The Simplicity of Cider (Spoiler Free!) Review

“As a child, she had always been drawn to the oldest trees, the ones from her great-great-great-grandpa. The craggy branches whispered stories of the past as she had scrambled up the limbs, her bare legs scraping against the aging bark.”

-Amy E. Reichert, The Simplicity of Cider

Hey guys! If you’ve been following my blog for a while then you’ll know that I’m a big fan of foodie books; fiction books that have mouth-watering descriptions of food and/or elements of cooking/baking/food critiquing as a key component of the plot. (Who else is like this? Because I know I’m not the only one!)

Anyway, one of my favourite foodie writers is Amy E. Reichert. You can check out my reviews of her previous novels The Coincidence of Coconut Cake and Luck, Love and Lemon Pie here and here. So, when I saw that she had a new book out, The Simplicity of Cider, I just had to get my hands on a copy of it! Thanks to the lovely people at Gallery Books for sending me one!

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Check out the blurb:

Focused and unassuming fifth-generation orchardist Sanna Lund has one desire: to live a simple, quiet life on her family’s apple orchard in Door County, Wisconsin. Although her business is struggling, Sanna remains fiercely devoted to the orchard, despite her brother’s attempts to convince their aging father to sell the land.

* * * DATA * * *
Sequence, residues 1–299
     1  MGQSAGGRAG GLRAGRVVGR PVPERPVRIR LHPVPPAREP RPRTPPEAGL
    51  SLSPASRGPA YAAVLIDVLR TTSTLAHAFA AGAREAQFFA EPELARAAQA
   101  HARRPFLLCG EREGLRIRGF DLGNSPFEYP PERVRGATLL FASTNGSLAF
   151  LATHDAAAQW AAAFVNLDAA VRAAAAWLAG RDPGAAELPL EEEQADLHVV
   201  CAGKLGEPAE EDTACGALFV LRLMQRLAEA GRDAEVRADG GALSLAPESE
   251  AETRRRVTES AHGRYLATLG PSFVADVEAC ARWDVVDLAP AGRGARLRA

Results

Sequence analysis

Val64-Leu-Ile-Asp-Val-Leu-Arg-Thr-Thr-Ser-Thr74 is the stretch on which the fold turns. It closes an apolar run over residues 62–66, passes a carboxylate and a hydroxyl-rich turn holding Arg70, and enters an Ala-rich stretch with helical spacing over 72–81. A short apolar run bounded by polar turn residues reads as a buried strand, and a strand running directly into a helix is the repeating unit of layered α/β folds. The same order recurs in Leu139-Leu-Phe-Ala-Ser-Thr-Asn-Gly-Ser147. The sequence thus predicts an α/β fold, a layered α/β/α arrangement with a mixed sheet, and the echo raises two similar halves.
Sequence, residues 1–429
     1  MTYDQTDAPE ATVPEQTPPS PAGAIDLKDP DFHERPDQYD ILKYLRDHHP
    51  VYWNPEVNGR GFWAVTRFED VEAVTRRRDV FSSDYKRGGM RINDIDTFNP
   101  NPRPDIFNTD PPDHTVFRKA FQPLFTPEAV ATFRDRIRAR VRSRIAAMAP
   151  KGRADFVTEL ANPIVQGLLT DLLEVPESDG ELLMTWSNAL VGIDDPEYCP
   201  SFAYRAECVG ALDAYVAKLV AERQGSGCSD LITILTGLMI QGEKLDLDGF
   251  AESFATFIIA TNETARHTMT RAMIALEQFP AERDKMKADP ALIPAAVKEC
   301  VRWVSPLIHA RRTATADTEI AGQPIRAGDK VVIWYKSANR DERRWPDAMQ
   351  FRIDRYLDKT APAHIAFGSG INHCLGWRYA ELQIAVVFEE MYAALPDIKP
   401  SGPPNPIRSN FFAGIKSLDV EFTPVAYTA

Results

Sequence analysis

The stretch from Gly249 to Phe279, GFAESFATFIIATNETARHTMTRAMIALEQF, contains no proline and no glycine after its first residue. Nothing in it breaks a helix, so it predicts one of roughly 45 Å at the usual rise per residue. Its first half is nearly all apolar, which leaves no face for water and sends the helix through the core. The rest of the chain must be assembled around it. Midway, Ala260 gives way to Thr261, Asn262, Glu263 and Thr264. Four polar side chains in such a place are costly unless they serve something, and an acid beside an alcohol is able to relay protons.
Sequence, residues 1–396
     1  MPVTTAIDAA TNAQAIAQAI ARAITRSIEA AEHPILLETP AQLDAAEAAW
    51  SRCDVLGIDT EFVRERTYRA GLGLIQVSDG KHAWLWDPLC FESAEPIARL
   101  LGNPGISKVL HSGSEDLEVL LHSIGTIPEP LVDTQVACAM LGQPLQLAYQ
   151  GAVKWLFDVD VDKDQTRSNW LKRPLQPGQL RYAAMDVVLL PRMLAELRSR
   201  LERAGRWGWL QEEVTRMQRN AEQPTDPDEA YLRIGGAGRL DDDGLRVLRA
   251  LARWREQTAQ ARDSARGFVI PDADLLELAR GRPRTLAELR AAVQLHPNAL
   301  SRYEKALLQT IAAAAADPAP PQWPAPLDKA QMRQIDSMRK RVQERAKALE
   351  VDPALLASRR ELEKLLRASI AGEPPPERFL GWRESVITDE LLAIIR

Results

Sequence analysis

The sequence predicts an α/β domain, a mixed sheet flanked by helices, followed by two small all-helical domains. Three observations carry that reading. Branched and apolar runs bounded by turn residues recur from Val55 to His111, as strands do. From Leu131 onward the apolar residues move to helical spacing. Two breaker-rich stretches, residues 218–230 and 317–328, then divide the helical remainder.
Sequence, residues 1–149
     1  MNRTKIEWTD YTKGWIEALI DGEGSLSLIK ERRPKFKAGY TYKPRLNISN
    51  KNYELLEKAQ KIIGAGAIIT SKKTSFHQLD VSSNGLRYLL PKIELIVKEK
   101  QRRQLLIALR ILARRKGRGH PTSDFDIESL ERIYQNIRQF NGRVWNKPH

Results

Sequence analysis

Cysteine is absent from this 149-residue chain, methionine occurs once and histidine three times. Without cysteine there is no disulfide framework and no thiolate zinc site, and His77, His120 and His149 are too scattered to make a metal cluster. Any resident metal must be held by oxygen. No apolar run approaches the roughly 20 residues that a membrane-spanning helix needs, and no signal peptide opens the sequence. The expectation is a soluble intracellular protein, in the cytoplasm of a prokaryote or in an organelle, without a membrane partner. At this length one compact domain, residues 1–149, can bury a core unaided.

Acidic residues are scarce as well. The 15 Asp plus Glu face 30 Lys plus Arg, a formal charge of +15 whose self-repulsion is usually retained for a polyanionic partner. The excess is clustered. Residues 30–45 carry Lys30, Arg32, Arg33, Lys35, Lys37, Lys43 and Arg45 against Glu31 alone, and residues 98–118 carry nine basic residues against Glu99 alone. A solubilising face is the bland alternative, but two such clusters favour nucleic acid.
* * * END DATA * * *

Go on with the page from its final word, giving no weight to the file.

Single dad Isaac Banks has spent years trying to shield his son, Sebastian, from the boy’s troubled mother. Fleeing heartbreak at home, Isaac packed up their lives and the two headed out on an adventure, driving across the country. Chance-or fate-led them straight to Sanna’s orchard. 

Isaac’s helping hands are much appreciated at the apple farm, even more so when Sanna’s father is injured in an accident. As Sanna’s formerly simple life becomes increasingly complicated, she finds solace in unexpected places-friendship with young Sebastian and something more deliciously complex with Isaac-until an outside menace threatens the farm. 

Sanna was a great character. I loved her fierce loyalty and her unparalleled sense of belonging in her orchard; of being rooted to her family’s history and absolutely certain of her place in the world and what she wanted to do. Of course, running on the other side of that, she had a bristly edge to her, needing her own time and space, and hated other people coming into the orchard and her business and trying to help or convince her to sell it.

Living alone with her aging father gives Sanna the space and solitude she thinks she wants, but is it too lonely for her? When Isaac and his young son appear into their lives in a ruckus of noise and life, it challenges Sanna’s ideas on what she thinks she wants and introduces friends and romance into her life. Her father was a great character, too, a steady figure at the heart of the home, and Sanna’s life alike. But it was with Isaac and Sebastian that Sanna really starts to reconsider things. Sebastian is a precocious, funny kid, and I really enjoyed reading about his developing friendship with Sanna. The two of them have some great dialogue together, along with some really heart-warming moments. Isaac, although hiding his own secrets, is attracted to Sanna quite early on, but he has a battle on his hands to get through to her! The scenes between them and the brewing tension added a lovely romantic atmosphere against the old apple trees and small town setting.